Rule Your Attic: Sealing and Insulating Tips
Did you know that 9 out of 10 homes in the U.S. are under-insulated? In homes across America, poorly sealed and under-insulated attics are taking money out of homeowners’ pockets in the form of high utility bills.
To encourage homeowners to take control over their high utility bills this heating season, the U.S. Environmental Protection Agency’s (EPA) ENERGY STAR program is promoting its third annual “Rule Your Attic!” campaign.
Adding insulation and sealing air leaks in your attic can help you save up to $200 per year on your home’s annual energy bills and keep you more comfortable. Many local utilities offer rebates for certain air sealing and insulation projects.
In addition to energy savings, other benefits to sealing and insulating include: reduced noise from outside; less pollen, dust and pests entering the home; and better humidity control.
Measure Your Insulation
This winter, take the first step to savings by measuring your attic’s insulation. This infographic from the EPA is a good guide to how much insulation your attic should have. If you can see the ceiling joists, you definitely don’t have enough insulation in your attic.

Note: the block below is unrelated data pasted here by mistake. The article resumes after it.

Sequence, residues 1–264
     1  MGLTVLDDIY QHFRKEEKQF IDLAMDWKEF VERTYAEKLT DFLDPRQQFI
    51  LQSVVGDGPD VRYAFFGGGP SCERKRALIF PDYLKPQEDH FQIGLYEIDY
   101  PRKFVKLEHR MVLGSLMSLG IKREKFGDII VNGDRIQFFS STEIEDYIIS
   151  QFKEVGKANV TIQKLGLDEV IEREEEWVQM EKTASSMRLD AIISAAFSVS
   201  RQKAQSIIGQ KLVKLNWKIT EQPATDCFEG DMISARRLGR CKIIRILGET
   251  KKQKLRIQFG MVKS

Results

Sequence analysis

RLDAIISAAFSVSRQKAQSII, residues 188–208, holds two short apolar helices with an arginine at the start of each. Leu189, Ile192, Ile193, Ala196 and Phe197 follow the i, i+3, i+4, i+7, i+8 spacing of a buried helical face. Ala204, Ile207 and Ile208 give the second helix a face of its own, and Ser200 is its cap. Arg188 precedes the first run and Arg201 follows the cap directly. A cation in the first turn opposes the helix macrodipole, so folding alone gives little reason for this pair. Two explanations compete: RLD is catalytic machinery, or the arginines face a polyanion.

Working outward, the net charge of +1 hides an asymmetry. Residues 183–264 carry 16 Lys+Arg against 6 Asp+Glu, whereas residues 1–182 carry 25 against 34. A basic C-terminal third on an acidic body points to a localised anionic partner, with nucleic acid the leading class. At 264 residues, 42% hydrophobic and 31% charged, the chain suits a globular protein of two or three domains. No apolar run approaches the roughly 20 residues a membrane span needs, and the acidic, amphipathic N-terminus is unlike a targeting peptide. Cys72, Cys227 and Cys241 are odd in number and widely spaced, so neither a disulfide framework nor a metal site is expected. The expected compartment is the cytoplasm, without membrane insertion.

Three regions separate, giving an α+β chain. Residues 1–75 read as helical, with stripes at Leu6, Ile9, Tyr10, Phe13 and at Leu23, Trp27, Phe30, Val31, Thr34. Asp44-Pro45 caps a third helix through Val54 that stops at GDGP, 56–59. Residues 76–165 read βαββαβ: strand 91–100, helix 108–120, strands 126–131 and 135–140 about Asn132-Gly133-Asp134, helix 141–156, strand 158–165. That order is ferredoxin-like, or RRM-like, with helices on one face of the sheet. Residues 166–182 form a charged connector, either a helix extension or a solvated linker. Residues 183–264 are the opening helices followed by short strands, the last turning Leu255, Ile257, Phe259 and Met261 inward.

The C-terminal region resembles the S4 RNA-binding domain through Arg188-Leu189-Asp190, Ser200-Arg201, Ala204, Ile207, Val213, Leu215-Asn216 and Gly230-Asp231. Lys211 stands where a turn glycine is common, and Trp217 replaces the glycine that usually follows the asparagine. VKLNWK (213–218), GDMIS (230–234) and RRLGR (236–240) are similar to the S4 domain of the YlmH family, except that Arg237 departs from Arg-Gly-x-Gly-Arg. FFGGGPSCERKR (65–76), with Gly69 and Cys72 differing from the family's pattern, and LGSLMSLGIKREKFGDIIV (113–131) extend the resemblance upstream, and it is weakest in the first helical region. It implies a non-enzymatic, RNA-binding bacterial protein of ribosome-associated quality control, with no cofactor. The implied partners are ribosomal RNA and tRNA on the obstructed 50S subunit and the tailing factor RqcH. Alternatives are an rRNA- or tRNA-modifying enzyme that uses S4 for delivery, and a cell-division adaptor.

Check out How Much Attic Insulation Do You Need for more info.
Seal and Insulate
If you determine your attic needs more insulation, install unfaced rolls or batts over the existing insulation; or rent a blower from a home center to blow loose fill insulation into the space. Watch How to Install Fiberglass Insulation in Your Attic for details.
While you’re in the attic, check for any leaks in the HVAC ductwork. If you feel air escaping, turn off the fan and apply foil duct tape over the holes. Then, use a brush to apply duct mastic over the foil tape and joints.
Don’t forget about the drop-down attic stairway, which is typically closed off with nothing more than a thin piece of plywood. Adding an attic stair cover that acts like a tent is a simple way to prevent heat loss through the attic. Or, create your own version out of foam board.
Simple fixes, like replacing worn-out weather stripping on doors, sealing exterior cracks and caulking around windows, can be very effective in saving money and making your home more energy efficient.
The EPA cautions that homeowners should make sure to have the right safety equipment on hand. Or, you can contact a qualified contractor if you are not comfortable taking on these types of project on your own.
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